Copperas Cove Elementary student ensures kids keep reading during pandemic

Posted at 10:22 AM, Apr 20, 2020
and last updated 2020-04-20 11:22:31-04

COPPERAS COVE, TX — Wish, One and Only Ivan, Because of Winn-Dixie. These are just a few of the favorite books of Williams/Ledger Elementary third-grader Noah Spitzer who will read anything he gets his hands on. During COVID-19, Noah is ensuring other children have plenty of books to read also.

As the reigning Little Mister Five Hills, Noah fulfills his love of reading by visiting all Copperas Cove ISD schools monthly and loading up the Little Free Libraries with age-appropriate books. The colorful vending machines outside the front entrance of each school and the two city swimming pools offer books to children at no cost, 24 hours a day, seven days a week.

“My favorite part of filling the bins is knowing that other children will have books to read and that reading might become their favorite thing to do like it is mine," Noah said. "H-E-B donated a whole bunch of books and I even donated some of my own after I finished reading them."

The CCISD Little Free Libraries were established in Copperas Cove in 2017 by Junior Miss Five Hills and third-grader Leslie Lindholm. Since then, the Little Free Libraries have distributed more than 3,000 books to children.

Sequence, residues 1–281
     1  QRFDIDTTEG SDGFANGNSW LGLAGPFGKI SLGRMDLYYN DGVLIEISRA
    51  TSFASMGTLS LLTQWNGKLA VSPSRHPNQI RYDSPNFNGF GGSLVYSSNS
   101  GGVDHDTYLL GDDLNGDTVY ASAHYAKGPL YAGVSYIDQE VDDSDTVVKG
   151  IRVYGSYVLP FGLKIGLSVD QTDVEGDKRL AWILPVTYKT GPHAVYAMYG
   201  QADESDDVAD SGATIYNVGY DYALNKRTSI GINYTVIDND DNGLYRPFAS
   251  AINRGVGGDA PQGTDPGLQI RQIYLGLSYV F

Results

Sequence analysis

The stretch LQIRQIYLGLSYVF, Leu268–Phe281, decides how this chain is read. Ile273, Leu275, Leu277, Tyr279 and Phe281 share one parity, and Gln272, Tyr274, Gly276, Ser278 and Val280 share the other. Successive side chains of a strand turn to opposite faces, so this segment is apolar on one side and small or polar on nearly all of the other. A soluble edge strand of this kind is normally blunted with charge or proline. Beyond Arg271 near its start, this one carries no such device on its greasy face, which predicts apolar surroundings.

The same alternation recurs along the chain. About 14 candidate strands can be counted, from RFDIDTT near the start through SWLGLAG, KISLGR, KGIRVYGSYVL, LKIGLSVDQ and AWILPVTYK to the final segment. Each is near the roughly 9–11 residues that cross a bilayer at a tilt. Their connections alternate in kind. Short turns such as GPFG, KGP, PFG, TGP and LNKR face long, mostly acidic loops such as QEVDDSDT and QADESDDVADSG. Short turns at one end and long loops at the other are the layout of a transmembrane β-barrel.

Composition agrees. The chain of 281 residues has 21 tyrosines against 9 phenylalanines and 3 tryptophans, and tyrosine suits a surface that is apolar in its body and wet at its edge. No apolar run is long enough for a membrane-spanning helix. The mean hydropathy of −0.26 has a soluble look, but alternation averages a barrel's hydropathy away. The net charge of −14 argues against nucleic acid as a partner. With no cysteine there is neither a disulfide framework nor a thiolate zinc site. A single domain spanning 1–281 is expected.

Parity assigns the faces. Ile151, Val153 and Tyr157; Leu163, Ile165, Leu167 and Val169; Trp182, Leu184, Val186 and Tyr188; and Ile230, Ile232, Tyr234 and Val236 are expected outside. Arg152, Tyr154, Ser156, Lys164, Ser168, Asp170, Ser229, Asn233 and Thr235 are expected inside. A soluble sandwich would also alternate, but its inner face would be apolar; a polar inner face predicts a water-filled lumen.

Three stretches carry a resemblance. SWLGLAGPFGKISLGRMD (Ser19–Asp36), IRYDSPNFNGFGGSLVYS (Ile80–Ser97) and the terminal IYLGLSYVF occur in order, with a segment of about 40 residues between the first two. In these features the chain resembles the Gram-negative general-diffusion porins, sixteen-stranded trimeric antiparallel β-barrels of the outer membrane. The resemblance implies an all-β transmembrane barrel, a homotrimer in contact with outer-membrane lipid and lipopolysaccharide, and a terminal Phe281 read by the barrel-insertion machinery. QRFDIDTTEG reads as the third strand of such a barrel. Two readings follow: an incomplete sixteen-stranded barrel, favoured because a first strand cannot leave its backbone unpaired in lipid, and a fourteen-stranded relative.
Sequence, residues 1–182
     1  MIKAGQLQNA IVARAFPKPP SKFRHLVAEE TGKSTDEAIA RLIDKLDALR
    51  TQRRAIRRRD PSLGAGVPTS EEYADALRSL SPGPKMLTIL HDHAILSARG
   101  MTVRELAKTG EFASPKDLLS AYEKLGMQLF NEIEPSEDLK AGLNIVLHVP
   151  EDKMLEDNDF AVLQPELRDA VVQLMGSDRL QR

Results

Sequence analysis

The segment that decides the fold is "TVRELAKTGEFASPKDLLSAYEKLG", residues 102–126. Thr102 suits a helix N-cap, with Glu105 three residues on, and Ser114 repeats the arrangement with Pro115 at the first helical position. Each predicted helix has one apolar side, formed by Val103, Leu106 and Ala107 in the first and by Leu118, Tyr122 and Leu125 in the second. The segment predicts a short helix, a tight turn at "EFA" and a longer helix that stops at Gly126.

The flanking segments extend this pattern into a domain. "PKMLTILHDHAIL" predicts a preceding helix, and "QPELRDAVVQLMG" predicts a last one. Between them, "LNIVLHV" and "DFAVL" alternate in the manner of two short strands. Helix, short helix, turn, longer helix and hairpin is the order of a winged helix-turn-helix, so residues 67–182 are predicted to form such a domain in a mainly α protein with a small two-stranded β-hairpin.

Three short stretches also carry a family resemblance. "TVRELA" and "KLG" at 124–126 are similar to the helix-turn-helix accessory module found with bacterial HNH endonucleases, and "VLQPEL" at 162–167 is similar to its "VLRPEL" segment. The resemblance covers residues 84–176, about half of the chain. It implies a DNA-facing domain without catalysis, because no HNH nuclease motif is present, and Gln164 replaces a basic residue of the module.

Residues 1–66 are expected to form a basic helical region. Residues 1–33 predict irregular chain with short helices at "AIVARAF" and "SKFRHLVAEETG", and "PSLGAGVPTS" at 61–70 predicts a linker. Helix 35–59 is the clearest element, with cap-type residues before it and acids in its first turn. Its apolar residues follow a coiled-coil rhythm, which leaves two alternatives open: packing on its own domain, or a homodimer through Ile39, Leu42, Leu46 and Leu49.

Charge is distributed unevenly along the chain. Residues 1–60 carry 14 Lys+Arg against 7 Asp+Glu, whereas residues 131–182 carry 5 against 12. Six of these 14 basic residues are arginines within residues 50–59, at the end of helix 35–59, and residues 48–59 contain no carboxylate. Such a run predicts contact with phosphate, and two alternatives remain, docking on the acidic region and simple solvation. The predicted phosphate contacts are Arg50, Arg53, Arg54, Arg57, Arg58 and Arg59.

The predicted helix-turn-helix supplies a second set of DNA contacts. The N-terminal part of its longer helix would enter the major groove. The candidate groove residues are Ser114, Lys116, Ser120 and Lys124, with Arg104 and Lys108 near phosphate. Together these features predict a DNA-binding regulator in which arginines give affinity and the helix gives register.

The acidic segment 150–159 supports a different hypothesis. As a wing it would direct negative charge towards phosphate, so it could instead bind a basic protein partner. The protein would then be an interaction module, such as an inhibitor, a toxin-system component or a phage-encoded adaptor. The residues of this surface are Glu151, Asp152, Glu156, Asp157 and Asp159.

During COVID-19, Noah considered closing his libraries but wanted to be able to provide books to children, especially now that school campuses are closed and the city library is closed. Based on advice from the CDC, Noah chose to keep the libraries open but follows specific precautions when filling the libraries. He washes his hands before opening the Little Free Libraries. He cleans the libraries with disinfectant wipes and pays special attention to high-touch areas like the handles and bookshelves. To be extra-cautious, he cleans the books with disinfectant wipes. Then, he washes his hands again when he is done.

"The hardest part of this project is not being able to keep every single book so I can read all of them over and over myself," Noah said.

The National Institutes of Health shows that the coronavirus is detectable on cardboard for up to 24 hours, but the CDC stated it isn’t worried about books transmitting the disease.

“For paper-based products, we’re really not concerned, and you don’t have to worry about finding ways to disinfect those materials,” said Dr. David Berendes of the CDC in his March 30 presentation. “The virus, if it’s present, would be present in very low quantities and would die off quickly…. If you were really concerned, you could wait for a 24-hour period before lending the book if you were in an area of high-transmission.”

Families donating books to the Little Free Libraries are asked to wipe down the covers with disinfectant wipes to remove and kill the virus before placing them in the bins.